Drugmakers try to outflank White House in trade agreement

In his budget, President Obama proposed cutting back the number of years that drugmakers have exclusive rights to test data on biologic medicines, arguing the move would cut costs for Medicare and Medicaid.

But if the Trans-Pacific Partnership (TPP) binds the United States to a 12-year timeline, the White House’s plan would be off the table.

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The push to have data exclusivity in the trade deal has become another front in the war between generic and brand name drugmakers in Washington. 

The Pharmaceutical Research and Manufacturers of America (PhRMA) argues the lengthy time period is needed for their member companies to see returns on their investments in costly research and development.

“You won’t have the new drugs unless you have the 12 years. You need to give the people the incentive to develop,” Mark Grayson, a PhRMA spokesman, told The Hill. 

The Generic Pharmaceutical Association (GPhA), however, wants that exclusivity period reduced in the trade deal to match the Obama budget proposal, which also includes banning drugmakers’ practice of “evergreening.” 

“TPP should reduce the 12-year exclusivity period to 7 years and limit the practice of ‘evergreening,’ where brand biologics apply for additional exclusivity because of minor adjustments in formulations,” said Ralph Neas, GPhA’s president and CEO, in a statement to The Hill. 

“Any final agreement should maximize the positive impact of both generic and brand pharmaceutical industries — encouraging exports, creating jobs and enhancing global access to more affordable medicines.”

The Office of the U.S. Trade Representative (USTR) is caught in the middle of the two powerful industries as it tries to finish the 12-nation trade pact. 

On Tuesday, leaders of the TPP countries said they expected to wrap up negotiations before the end of the year. But how to handle biologics data remains a major sticking point, and provisions dealing with exclusivity have been left blank in several leaked drafts of the pact. 

“It’s still up in the air,” said a lobbyist following the trade talks. “PhRMA is very worried that USTR is going to go lower than 12 years. On the other side of the coin, you have interest groups who think USTR is in the pocket of PhRMA. Everybody thinks they are going to get screwed.” 

Biologics are drugs developed by biological processes. Many of them treat different forms of cancer. 

Public interest groups are pressuring the Obama administration to keep the 12-year exclusivity period out of the trade deal, arguing it serves only to inflate drug prices and corporate profits.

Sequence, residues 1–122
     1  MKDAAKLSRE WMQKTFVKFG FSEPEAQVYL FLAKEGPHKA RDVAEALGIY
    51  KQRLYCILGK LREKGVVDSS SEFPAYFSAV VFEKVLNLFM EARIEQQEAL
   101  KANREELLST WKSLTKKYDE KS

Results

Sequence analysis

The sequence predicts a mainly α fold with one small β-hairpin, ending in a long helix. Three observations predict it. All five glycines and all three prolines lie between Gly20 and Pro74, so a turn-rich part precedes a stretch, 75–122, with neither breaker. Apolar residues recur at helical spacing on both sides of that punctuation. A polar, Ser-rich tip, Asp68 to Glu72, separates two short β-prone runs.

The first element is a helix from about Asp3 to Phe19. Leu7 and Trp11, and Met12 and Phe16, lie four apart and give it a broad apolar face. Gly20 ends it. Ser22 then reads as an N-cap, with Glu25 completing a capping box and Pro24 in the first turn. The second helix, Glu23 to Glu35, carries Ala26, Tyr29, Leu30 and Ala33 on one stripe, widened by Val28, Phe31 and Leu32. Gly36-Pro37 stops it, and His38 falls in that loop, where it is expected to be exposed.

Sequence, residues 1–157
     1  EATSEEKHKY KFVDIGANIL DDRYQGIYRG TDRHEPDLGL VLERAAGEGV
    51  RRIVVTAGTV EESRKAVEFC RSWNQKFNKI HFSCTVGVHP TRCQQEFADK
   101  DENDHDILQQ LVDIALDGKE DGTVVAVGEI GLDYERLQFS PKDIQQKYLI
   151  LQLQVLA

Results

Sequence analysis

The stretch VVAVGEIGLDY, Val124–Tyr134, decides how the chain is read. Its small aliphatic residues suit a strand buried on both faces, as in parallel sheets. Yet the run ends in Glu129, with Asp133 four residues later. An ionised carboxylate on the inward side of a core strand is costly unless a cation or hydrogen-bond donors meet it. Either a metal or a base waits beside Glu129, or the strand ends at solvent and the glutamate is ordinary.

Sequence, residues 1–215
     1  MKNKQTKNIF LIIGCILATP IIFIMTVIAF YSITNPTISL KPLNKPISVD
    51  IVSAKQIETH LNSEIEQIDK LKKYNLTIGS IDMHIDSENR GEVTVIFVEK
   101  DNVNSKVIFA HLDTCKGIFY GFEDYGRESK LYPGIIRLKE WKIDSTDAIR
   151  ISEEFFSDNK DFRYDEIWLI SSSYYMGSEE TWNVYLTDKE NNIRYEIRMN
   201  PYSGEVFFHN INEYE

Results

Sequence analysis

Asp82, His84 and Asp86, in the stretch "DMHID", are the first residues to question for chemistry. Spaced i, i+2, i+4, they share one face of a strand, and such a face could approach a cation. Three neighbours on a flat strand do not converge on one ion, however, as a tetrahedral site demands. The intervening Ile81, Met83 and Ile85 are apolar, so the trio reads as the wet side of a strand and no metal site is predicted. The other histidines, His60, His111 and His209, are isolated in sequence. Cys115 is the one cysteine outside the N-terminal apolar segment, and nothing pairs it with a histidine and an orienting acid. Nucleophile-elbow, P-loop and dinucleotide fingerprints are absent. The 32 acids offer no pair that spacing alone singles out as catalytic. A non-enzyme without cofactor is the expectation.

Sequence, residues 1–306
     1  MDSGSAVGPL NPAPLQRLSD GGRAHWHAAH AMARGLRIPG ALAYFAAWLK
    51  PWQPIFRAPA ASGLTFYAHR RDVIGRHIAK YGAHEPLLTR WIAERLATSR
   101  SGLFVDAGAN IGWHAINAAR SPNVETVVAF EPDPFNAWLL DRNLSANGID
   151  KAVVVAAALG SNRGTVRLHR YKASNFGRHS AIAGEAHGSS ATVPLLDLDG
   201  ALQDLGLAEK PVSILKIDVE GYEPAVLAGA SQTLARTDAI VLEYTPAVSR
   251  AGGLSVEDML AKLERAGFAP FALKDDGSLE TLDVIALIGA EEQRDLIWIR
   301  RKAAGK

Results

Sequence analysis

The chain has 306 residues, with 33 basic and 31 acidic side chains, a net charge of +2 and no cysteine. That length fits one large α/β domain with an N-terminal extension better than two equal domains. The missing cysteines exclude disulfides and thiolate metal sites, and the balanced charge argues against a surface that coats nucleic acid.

“Locking in long-term monopolies for biologics means that consumers are going to pay more,” said Public Citizen President Robert Weissman.

Thanks to their market position, brand drugmakers can charge up to six figures annually for biologics, Weissman said. In the United States, people can generally find a way to cover the expense, often through their insurance plans.

 But people in poorer nations can’t afford the brand-name drugs because longer exclusivity means higher prices for the treatments, PhRMA’s critics say.

“It basically means less competition and the rise in cost of medical treatment,” said Judit Rius, the U.S. manager of the Access Campaign of Doctors without Borders. “Some of these treatments are life-saving treatments. Many will not be able to afford them, and it could mean life or death for some people.” 

The Biologics Price Competition and Innovation Act, signed into law by Obama more than three years ago as part of the healthcare reform law, allows for 12 years of exclusivity for the drugs. 

But the president’s budget proposals, including his fiscal 2014 plan, have repeatedly called for the window to shrink to seven years. The administration estimates the policy change could save $3 billion for federal health programs.

“The concern is, if it is included in the trade agreement, the Obama administration is locking us into a position that the Obama administration opposes,” Weissman said.

Congress has also sought to influence the trade negotiations. 

PhRMA has set up a Web page, titled “12 years of Data Protection in TPP,” that links to several letters from lawmakers calling for strong intellectual property protections, including a March 2013 missive from Senate Finance Committee Chairman Max Baucus (D-Mont.) and Sen. Orrin Hatch (R-Utah), the panel’s ranking member. 

Others on Capitol Hill, such as Rep. Henry Waxman (D-Calif.), have argued that the 12-year period shouldn’t be included in the trade deal.

Lawmakers have repeatedly questioned Michael Froman, the U.S. trade representative, about the U.S. position on the exclusivity period. Members of the House Ways and Means Committee brought up biologics at a July hearing with Froman.

“With regard to data protection for biologics, the United States has explained our system, including the 12 years of protection related to biologics, and we are in the process of a thorough discussion with our trading partners on that issue. I will ensure that my staff stays in close touch with you and other members of Congress as the negotiations continue on this important issue,” Froman said in reply to a Question for the Record from the hearing.

PhRMA believes U.S. trade negotiators will propose 12 years of exclusivity for biologics in the TPP. 

“We believe the U.S. will table 12 years. It’s U.S. law,” said Grayson with PhRMA. 

Critics of the drugmakers are urging Obama to take a stand for the greater good.

“It is a life and death issue. The core component is the issue of access,” said Weissman with Public Citizen.